Talk About It

About 8 months ago: Jimbeaux, AIA

Vancouver has a really vibrant downtown. According to Larry Beasley, FCIP, the number of people living downtown has increased from 35,000 to 105,000 in just 15 years, all while adhering to the stated goal of zero new traffic lanes into the core.

That amazing density growth is expressed in an impressive number of residential "pencil towers." Livable balconies, arrayed with all manner of personal expressions are everywhere. There are lots of plants up in the air and trees on roofs, too. Planned mixed-use facilities and public transportation modalities abound.

Larry Speck, FAIA explains that these towers, typically with really small floor plates, are made feasible through the use of interlocking double exit stairways. Two divergent paths of egress lead back to the same fire-rated shaft. It is an ingenious and safe design feature that has played a large part in the transformation of Vancouver's core.

About 8 months ago: Sheldon

The choice of Vancouver for the board meeting this year proved to be a very enlightening experience. In particular, the opportunity to have Chris McDonald and Larry Beasley's insights into the history and development process of the City paired with the first hand walking tour was a truly rare educational experience.

I am still contemplating the seemingly polar opposite design approaches illustrated by the Convention Center visit with Mark Reddington of LMN and the office visit with John Patkau.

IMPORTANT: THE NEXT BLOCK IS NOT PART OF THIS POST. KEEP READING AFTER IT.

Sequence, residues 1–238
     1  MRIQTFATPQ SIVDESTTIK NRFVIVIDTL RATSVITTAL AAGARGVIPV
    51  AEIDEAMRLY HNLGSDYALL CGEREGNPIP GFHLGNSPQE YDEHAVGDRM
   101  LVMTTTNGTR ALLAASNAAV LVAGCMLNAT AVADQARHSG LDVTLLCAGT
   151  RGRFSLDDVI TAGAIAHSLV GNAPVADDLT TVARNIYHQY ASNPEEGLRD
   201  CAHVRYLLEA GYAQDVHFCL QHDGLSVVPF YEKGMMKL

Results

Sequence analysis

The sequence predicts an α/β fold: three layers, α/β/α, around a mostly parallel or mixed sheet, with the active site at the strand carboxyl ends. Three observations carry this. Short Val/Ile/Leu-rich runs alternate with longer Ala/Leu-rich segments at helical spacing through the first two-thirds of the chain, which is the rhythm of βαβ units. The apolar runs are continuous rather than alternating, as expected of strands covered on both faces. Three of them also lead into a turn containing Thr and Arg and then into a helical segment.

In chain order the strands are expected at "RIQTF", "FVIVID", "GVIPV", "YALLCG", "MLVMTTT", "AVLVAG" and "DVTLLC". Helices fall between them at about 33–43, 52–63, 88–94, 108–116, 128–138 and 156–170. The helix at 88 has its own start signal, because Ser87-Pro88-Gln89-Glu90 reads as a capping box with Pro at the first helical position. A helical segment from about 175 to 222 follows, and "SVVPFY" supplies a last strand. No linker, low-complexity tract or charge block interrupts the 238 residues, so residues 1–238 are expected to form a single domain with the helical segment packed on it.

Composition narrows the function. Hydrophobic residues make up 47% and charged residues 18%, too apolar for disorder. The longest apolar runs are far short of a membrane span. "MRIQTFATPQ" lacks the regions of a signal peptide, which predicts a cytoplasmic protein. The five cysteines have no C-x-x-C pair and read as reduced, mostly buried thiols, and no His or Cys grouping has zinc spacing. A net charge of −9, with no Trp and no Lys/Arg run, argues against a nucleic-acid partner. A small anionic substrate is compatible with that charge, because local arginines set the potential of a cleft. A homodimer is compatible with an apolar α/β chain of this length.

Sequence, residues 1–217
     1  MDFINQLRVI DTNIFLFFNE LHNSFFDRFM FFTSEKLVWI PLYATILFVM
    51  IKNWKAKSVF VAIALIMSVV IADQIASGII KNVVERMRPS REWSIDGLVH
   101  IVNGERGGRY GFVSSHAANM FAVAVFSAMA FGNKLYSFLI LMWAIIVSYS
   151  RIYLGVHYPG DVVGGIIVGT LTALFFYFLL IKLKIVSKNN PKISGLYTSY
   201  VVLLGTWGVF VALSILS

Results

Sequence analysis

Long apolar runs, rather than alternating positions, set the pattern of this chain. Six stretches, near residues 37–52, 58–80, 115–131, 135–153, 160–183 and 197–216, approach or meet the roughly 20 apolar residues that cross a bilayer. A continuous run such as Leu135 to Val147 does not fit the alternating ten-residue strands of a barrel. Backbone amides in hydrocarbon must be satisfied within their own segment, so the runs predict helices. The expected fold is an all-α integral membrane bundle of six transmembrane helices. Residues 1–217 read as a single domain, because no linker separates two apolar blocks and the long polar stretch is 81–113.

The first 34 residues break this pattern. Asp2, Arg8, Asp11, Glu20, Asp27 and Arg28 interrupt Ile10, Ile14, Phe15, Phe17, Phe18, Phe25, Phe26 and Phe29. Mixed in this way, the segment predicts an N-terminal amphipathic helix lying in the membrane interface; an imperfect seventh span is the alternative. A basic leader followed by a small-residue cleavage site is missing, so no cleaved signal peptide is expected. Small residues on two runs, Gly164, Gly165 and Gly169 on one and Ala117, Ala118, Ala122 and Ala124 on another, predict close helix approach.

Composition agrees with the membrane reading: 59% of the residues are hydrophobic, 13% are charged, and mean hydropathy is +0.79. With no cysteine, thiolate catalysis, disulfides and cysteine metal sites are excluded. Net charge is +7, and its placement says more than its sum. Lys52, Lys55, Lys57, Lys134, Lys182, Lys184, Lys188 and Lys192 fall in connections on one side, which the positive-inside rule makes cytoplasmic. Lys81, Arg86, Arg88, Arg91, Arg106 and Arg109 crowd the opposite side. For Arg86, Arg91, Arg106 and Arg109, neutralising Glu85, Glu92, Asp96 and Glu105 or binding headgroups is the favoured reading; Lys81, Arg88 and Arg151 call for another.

The LMN team seems to have mastered the daunting, lengthy and very public development process required in downtown Vancouver. The result was an exceptionally elegant and smartly detailed Convention Center woven seamlessly into the fabric of a very active and picturesque public waterfront.

John Patkau graciously invited us into their office for an intimate glimpse into their award-winning process of research and design. This was a rare glimpse into the process of a practice based almost solely on winning competitions. Their practice makes tremendous use of research into the simplest of forms and dogged attention to the smallest detail from inception through fabrication.

The efforts Larry, James, Jeanette and team went to to pull off the meeting were well worth it, Thank you! If you have not volunteered to serve your chapter at the TxA level, I highly recommend it. Serving on the TxA board is proving to be a greater reward than I could have imagined!